Faculty Profile: Dr. Chad Paulk

Writer: Maggie Berger

ChadUnlike many people involved in agriculture today, Chad Paulk did not grow up in the agricultural industry. It was during his sophomore year at the University of Georgia that he discovered his passion for animal science.

The summer before his senior year, he assisted swine nutrition graduate students with a research project. The project’s objective was to determine the optimal amount of dried distillers grains with solubles (DDGS) to include in nursery pig diets. During that summer corn prices hit record highs, increasing diet costs. Conducting research to help swine producers reduce diet costs became very intriguing. After learning how to conduct research to help swine producers and the career opportunities available in the swine industry, Paulk developed a passion for pigs and found his career path.

This summer marks Paulk’s first year as a busy assistant professor in the Department of Animal Science. He recently returned from a trip to China with four faculty members from the Texas A&M College of Veterinary Medicine and Biomedical Sciences as part of the U.S. – China Scientific Cooperation One Health Exchange Program. Chad-ChinaThe objective of the collaborative effort is to provide an opportunity for leading researchers from both countries to establish new and strengthen existing collaborations between Texas A&M and institutions in China, which will lead to the development of future mutually beneficial projects in the fields of veterinary epidemiology and swine production and health.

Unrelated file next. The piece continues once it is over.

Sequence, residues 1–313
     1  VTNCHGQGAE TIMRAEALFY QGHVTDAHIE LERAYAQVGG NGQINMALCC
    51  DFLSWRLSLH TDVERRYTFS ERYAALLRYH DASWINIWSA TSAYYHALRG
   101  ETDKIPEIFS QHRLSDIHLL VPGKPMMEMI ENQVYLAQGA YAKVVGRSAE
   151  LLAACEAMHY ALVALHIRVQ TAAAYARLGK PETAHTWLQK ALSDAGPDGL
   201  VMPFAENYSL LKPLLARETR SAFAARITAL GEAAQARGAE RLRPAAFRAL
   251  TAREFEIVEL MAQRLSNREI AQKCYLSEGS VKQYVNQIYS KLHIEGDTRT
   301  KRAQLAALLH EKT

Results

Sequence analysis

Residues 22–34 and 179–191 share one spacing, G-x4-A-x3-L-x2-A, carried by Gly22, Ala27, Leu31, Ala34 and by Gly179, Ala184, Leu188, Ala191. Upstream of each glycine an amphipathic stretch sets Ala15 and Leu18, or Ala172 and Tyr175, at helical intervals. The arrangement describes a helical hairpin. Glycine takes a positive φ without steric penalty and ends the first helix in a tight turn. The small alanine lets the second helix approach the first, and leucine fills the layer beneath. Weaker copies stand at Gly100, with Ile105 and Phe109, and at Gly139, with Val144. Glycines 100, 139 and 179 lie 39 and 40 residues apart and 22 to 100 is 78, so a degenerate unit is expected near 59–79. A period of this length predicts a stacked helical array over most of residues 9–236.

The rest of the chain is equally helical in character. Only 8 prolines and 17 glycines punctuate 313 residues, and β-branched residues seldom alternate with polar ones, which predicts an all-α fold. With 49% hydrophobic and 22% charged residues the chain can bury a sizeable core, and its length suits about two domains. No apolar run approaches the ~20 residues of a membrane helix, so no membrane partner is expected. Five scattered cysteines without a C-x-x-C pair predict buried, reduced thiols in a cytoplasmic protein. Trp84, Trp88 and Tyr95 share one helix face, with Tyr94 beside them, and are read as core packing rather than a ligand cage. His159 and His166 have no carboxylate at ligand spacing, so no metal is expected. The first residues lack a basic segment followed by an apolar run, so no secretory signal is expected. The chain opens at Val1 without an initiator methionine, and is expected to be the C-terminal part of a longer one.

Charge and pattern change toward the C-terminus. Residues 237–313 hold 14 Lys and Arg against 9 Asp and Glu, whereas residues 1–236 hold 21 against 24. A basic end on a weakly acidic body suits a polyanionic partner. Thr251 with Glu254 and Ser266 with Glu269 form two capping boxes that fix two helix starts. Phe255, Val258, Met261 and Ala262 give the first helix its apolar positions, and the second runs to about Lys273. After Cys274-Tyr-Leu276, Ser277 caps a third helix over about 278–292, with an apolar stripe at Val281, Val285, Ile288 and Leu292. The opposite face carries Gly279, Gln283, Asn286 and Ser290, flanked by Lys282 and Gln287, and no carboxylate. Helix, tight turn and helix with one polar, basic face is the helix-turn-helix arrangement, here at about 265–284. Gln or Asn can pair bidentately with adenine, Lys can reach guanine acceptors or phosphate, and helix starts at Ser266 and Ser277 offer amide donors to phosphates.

Paulk teaches ANSC 412, Swine Production and Management, and is working to convert ANSC 320, Animal Nutrition for non-majors, into an online course. He also is in the process of developing a swine nutrition and quantitative analysis in food production systems course.

What research projects are you working on?

  1. Evaluating the effects of supplemental levels of micro minerals in swine diets.  Specific minerals include copper, zinc and chromium.
  2. Collaborating with Dr. Jason Gill and Dr. Todd Calloway on the use of bacteriophages to improve swine health.
  3. Determining nutrient digestibility coefficients for new ingredients fed to swine.
  4. Investigating dietary effects on pork quality.

What aspect of your job do you enjoy the most and why?

The U.S. and global swine industries provide many rewarding career paths of which a majority of students are not aware.  I enjoy being able to expose students to these opportunities and help them prepare for their future.  Every student is different and each has different talents that can be used to help sustain the future of animal agriculture and help feed the growing population.  It is a great feeling to help students find a career path that fits them best and help them be prepared to succeed.

My second motivational factor is developing scientific data that is used by swine producers to help make decisions.  Texas A&M has provided me with the resources and support to conduct this research to help the swine industry.  Spending time at the farm with students and pigs to develop answers for swine producers and for educational purposes is something I look forward to everyday.


For more information regarding news from the Department of Animal Science, College of Agriculture and Life Sciences, Texas A&M University, please contact Courtney Coufal at cacoufal@tamu.edu or (979) 845-1542.

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